Colon

While writing about military ranks last week, I wondered if the word colony, which I’d touched on briefly the week before, was related to the word column, from whose Italian translation the word colonel comes from.

My mind then thought of other words, like colony and colon: maybe they could be related too. Colony, maybe that comes from the Latin for column, columna, because it originally referred to a garrison town, where a column of soldiers were stationed. That sounds plausible, doesn’t it?

Absolutely, but unfortunately there’s no truth to it at all. Colony does come from Latin, but from the verb colere (to cultivate, till, inhabit), as it originally referred to land given to Roman soldiers to settle throughout the empire.

OK, what about colon then? Well first, we need to consider that the word has two meanings. First of all, there’s the punctuation mark that looks like this:

:

If you’re interested in how to use colons, I covered that in my post about their mysterious sibling, the semicolon. And then of course there’s the body part, comprising the majority of the large intestine. Is there a reason both words are identical?

The answer is: no-one knows. The word for the punctuation mark comes from the Greek kôlon (long initial O, meaning limb or member). This later came to refer to a clause, a (semi)independent part of a sentence, sharing the idea of being part of a larger whole with the original meaning. The meaning again shifted slightly, coming to refer to the punctuation mark which separated clauses, rather than the clauses themselves.

The body part, on the other hand, comes from the Greek kólon (short initial O, meaning, well, large intestine). It seems that no-one knows if the word meant anything else before it meant large intestine, or if it’s derived from some related word. Maybe there’s some link to kôlon. Maybe people looked at a large intestine and thought it looked like a long limb. Maybe it’s related by being part of our digestive system, just as a limb is part of our body. Or, maybe two Ancient Greeks were looking at a large intestine for the first time:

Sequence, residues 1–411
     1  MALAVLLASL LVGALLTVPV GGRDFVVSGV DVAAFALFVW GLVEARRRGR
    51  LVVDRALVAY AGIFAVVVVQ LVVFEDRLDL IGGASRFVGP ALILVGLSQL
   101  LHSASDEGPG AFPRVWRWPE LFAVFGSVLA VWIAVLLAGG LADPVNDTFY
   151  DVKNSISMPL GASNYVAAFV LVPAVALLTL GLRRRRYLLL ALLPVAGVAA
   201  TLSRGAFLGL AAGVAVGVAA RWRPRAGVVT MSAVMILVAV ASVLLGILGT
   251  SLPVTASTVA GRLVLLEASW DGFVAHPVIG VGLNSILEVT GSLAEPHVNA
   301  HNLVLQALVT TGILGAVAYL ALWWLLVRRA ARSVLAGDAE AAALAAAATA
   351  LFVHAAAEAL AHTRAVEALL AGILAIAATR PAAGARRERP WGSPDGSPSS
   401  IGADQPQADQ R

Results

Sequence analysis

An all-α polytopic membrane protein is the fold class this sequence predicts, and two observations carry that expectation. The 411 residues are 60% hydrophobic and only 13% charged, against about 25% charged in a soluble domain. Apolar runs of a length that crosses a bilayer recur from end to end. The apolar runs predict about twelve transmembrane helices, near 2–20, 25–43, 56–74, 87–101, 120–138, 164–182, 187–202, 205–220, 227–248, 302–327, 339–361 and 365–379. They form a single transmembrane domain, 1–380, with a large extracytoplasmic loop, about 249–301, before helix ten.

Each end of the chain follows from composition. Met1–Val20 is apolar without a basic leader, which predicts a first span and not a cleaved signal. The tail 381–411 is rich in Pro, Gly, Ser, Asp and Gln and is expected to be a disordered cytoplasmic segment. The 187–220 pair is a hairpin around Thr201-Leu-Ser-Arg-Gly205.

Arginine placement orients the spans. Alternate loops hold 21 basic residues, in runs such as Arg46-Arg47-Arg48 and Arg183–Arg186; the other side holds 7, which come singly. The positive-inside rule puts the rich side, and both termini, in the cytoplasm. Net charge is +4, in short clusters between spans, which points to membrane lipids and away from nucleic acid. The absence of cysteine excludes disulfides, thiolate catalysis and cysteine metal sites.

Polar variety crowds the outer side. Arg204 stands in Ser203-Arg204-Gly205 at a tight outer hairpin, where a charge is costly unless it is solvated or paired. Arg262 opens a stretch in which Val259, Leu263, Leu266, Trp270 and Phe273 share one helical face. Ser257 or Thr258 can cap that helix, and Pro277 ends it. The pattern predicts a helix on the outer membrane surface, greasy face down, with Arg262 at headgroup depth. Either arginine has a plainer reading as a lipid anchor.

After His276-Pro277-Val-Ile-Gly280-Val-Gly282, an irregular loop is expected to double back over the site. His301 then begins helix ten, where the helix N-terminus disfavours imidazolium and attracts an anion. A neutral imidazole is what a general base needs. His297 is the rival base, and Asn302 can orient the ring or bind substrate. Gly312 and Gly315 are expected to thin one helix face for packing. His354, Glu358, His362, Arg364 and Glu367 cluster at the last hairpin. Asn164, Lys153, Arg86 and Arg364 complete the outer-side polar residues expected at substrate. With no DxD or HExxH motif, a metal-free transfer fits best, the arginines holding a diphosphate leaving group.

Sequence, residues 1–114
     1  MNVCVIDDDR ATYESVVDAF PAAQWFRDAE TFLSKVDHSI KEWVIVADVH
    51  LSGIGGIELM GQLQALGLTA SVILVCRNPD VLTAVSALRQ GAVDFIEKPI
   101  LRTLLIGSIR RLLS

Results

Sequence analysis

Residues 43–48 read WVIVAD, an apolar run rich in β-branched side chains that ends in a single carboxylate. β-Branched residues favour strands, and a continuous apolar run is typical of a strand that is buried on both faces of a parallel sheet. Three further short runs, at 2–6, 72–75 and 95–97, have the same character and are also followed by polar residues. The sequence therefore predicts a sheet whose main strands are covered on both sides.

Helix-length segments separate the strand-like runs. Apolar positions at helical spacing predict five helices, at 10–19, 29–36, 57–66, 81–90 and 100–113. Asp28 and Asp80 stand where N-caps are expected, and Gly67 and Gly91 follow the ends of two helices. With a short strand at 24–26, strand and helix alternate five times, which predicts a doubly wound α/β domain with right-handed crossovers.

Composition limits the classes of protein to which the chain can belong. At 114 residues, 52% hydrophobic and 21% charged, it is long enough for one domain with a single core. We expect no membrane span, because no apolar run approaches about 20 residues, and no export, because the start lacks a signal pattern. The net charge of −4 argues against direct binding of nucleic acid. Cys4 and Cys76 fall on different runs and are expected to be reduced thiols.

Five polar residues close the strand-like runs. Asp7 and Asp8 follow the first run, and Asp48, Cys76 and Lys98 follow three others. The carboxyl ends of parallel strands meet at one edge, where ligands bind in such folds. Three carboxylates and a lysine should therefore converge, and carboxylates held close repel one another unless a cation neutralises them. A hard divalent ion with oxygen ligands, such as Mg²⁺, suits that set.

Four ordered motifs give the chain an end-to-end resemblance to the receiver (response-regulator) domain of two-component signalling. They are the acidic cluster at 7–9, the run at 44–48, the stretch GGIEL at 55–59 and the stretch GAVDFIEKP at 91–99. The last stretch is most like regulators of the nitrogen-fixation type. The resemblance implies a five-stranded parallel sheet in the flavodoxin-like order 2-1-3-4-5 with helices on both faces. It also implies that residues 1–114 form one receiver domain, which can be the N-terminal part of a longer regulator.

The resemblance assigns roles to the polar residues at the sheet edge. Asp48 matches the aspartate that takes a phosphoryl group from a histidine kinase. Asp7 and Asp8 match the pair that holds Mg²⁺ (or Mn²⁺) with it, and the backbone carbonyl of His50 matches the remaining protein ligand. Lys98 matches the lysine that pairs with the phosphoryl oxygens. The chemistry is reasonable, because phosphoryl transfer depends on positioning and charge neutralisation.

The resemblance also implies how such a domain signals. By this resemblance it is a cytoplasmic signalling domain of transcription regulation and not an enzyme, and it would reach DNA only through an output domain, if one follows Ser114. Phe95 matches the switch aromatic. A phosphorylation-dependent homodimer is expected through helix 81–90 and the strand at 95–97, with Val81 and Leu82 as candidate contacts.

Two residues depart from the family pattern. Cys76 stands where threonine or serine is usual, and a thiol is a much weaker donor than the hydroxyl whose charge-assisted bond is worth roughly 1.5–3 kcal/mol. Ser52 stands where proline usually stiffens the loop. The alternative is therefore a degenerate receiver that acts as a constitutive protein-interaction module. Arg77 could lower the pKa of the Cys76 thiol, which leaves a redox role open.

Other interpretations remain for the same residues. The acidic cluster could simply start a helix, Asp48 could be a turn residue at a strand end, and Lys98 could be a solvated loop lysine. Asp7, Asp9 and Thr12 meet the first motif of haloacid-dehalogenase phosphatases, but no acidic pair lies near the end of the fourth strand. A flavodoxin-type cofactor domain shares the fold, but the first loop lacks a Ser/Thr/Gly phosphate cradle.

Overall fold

What would you call that then? one asked.

I don’t know, the other answered. Kólon? It just looks like it’d be called kólon, doesn’t it?

Yeah, why not. Go to the pub?

Yeah.

So colony, column, colon, and colon probably aren’t related at all. What’s the moral of the story then? For me at least, it’s that we don’t need to know the origin of every single word. Obviously if we didn’t know the etymology of any words, I wouldn’t have much to write about. But, much as I enjoy thinking about words’ meanings, and looking up where they come from, it’s nice to think that some words’ origins are lost in the mists of time. It preserves a little mystery, and even makes me hope that one day I might figure out the origin of a word no-one has before.

Plus, while it’s fascinating to look at the links between words, both within and between languages, it can make the world feel smaller. Sometimes it can feel like all these different languages use just a few variations on a few different words. So when two similar words are completely unrelated, it makes me appreciate the vastness of language, that two words could evolve independently, and coincidentally end up so similar. It helps to remind me that there’s a lot more fascinating facts to discover out there, in case I ever feel discouraged! Now why do we call it intestine…?

2 thoughts on “Colon

  1. That was very interesting and funny, thank you.

    We use many derivatives of κόλον in modern Greek, like the verb κολοβόνω – cut the edge of a limb or reduce something partly, the adjective κολοβός – something that misses an edge, for example a fox with its tail cut would be a κολοβή αλεπού (fox), or, nowadays, you can often hear about κολοβωμένες συντάξεις, that is pensions that have been severely cut.

    As for the other κόλον, I’ve heard that having a κολονοσκόπηση, or colonoscopy, is always an unpleasant, if not a traumatic, experience.

    Liked by 1 person

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